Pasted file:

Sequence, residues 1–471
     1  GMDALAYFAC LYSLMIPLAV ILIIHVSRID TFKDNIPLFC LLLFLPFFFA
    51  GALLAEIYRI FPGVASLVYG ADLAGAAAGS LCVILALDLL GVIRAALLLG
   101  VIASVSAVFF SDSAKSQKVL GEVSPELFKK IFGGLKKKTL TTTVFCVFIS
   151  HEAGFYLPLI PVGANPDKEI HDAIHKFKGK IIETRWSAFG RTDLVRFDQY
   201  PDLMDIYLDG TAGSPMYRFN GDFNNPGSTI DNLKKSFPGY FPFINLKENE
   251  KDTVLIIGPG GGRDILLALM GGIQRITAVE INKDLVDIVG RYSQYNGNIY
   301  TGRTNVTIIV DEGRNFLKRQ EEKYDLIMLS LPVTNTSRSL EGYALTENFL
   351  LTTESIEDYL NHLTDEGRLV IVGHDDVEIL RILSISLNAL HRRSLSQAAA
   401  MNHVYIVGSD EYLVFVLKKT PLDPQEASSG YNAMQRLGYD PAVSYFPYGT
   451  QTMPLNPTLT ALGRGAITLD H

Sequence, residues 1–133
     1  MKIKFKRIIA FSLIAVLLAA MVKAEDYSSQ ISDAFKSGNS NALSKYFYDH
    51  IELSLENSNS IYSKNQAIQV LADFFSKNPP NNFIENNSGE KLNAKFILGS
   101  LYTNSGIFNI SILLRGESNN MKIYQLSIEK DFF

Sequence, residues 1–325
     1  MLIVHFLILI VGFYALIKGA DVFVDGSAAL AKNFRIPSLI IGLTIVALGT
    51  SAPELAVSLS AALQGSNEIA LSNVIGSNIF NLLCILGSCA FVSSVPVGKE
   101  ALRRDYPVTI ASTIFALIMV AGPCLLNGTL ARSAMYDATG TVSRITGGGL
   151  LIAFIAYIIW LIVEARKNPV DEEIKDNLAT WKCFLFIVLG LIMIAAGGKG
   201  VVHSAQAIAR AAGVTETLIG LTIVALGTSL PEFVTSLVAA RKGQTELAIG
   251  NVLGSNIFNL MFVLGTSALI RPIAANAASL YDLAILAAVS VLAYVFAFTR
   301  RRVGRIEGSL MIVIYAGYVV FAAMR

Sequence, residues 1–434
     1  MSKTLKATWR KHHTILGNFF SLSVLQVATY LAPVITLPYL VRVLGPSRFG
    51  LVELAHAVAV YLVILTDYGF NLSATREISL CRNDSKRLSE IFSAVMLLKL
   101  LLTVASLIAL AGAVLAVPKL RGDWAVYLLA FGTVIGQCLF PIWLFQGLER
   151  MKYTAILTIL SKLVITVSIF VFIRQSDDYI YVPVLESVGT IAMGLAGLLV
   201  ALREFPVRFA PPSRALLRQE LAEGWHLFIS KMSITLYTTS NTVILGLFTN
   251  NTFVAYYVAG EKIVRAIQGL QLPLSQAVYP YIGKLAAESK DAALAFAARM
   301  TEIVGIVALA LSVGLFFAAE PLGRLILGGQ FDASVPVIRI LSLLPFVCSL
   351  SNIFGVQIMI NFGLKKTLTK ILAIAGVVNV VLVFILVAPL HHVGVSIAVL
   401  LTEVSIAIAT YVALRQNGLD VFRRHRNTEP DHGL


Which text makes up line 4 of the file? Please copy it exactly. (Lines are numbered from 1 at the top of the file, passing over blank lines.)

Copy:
   101  VIASVSAVFF SDSAKSQKVL GEVSPELFKK IFGGLKKKTL TTTVFCVFIS